Factory tour: Inside Landini

By: Harrison Hunkin, Photography by: Harrison Hunkin


On a recent trip to the EIMA 2018 conference in Italy, machinery-obsessed Harrison Hunkin decided to take a closer look at how Italians make tractors

While you may not be immediately familiar with Argo Tractors, if you’re involved in the agricultural or contracting worlds, you would certainly know the company’s brands.

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Argo headquarters from above

McCormick is one. Yes, the iconic American brand that was once a juggernaut is now Italian-owned. But the firm is also behind Landini, perhaps the most famous agricultural marque to come out of Italy.

I was lucky enough to enjoy a guided tour of Argo’s three main production facilities – to see just what goes on behind the scenes when it comes to creating tractors.

To get there, I had to venture into the region of Emilia-Romagna in Italy’s northeast – one of Europe’s manufacturing capitals, and home to automotive giants such as Ferrari, Maserati, Ducati, and Lamborghini. First stop was the newest Argo facility, in Luzzara – 55km north of Modena, for any geography buffs out there.

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Not your average staff car park

This plant is fully dedicated to the production of Argo’s specialised tractors. Landini’s established orchard specialist, Rex, and now Rex 4 series tractors are produced here, as well as a few specialist McCormick tractors.

Argo was kind enough to open the doors and let me witness the production line at this facility, which is small compared to its other operations. I’d love to be able to tell you how many tractors roll off the production line here every month, but my Italian is atrocious and the managers’ English wasn’t much better. They’re certainly completing quite a few.

As expected, the factory was clean and well organised, but for me, a highlight was seeing manpower was still needed to get the job done, despite the impressive machinery.  Manufacturing plants are glorious viewing; it’s like clockwork inside as everyone goes about their business quietly but efficiently.

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Inside the Argo reception area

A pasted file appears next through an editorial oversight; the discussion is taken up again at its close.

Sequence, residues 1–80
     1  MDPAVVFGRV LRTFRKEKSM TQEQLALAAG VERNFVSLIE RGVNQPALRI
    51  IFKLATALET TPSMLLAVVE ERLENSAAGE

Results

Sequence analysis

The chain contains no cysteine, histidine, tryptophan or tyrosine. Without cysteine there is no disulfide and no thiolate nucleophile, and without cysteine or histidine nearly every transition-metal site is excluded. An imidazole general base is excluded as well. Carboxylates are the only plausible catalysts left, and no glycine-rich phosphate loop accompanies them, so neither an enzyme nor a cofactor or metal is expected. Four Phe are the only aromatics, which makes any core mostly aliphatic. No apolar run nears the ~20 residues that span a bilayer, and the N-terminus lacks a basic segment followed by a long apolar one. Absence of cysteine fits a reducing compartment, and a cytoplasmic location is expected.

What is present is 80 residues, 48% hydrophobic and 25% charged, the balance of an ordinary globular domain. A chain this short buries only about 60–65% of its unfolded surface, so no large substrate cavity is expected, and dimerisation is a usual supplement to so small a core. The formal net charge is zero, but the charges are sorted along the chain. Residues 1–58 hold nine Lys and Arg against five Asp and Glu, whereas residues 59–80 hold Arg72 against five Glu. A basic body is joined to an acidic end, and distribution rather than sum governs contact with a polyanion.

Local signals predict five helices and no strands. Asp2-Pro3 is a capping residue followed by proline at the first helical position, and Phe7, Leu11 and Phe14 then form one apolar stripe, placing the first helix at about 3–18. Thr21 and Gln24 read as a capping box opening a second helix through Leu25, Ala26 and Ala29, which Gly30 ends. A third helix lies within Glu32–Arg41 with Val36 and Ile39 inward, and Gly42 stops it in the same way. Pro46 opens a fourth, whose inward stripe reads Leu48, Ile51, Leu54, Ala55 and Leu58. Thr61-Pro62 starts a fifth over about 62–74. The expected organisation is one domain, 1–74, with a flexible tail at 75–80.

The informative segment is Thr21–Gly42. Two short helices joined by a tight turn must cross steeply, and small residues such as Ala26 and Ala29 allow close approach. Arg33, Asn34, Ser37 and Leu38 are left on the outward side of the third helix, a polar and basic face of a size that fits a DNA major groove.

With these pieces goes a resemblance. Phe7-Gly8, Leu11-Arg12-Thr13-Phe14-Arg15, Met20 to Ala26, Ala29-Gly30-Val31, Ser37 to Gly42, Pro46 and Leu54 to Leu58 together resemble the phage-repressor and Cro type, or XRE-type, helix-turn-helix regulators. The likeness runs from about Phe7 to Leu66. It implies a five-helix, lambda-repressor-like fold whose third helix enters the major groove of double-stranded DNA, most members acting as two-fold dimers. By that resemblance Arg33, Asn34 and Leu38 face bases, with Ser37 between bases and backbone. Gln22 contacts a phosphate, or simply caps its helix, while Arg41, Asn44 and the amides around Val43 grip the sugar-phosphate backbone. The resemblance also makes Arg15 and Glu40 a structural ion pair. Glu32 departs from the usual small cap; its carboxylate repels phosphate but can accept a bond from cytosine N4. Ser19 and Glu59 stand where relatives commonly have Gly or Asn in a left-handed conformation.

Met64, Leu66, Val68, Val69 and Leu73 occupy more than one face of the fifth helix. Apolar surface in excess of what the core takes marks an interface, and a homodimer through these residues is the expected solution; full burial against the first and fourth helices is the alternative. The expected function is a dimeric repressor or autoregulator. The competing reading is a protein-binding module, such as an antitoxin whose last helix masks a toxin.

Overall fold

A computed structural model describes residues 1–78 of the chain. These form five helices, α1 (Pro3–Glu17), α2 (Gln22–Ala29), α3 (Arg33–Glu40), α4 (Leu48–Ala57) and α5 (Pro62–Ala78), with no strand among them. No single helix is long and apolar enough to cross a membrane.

Second visit was to Argo headquarters and the historical home of Landini, Fabbrico, 20km south. This old village totally surrounds the factory. To see such a large facility nestled inside a tiny Italian town is quite cute, something the Italians do very well.

Here, tractors from 80hp all the way up to the 300+hp McCormick X8 are manufactured. All factory areas are equipped with quality-control facilities. We arrived just as the lunch bell sounded, which meant we didn’t witness any work (typical), but I think that was a blessing, as it meant I was able to slowly wander through the production floor, examining Landini and McCormick tractors at different stages of their production lives. It was a fascinating experience.

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Landini and McCormick tractors at the end of the production line

The R&D and engineering divisions are also located at the Fabbrico headquarters. Then, following an Italian countryside lunch, my final destination was further south – at Argo’s third production plant, in San Martino, where its crawler machines and medium-sized tractors are built.

The San Martino site is special for another reason as well. Argo also produces many components, predominantly transmission mechanisms, there. From all three facilities, Argo now has a total production capacity of more than 22,000 tractors manufactured and marketed under the brands of Landini, McCormick and specialised vineyard tractor marque Valpadana.

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Inside the Fabbrico production plant 

Argo area manager Filippo Bassoli tells me that Landini’s history – which dates back to 1884 – has helped the company to create a far-reaching network of relations.

"Landini is recognised as a specialised, utility tractor and that’s also what the market recognises," Filippo says. "McCormick, however, is seen as the bigger, more-powerful brand, obviously due to its American roots." 

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Landini’s history dates back to 1884

While they aren’t on the scale of a John Deere, for example, Landini, McCormick and Valpadana tractors make their way onto thousands of farms every year. Some of those I saw being made at the San Martino plant were destined for Australasia.

Argo is unique in the tractor market because it still makes its products on Italian soil, unlike many other manufacturers, which are nudging their production overseas.

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McCormick D-Max with new cab

"We are very proud to still be Italian, to still operate out of where Landini was born," Filippo says. "It’s important to keep those origins alive. Where Landini, and now Argo, is based is quite strategic as it is a manufacturing and automotive heartland with lots of history.

"It is definitely something we like to push," he says. "We want to push that ‘Made in Italy’ [message], because the history and heritage of this region speak excellence in European manufacturing."

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Another satisfied end-user

While it was a full-on day focused on tractors, the experience can’t quite translate onto paper – it’s an opportunity meant for eyes. Thanks for the tour, Argo… and for that meal!

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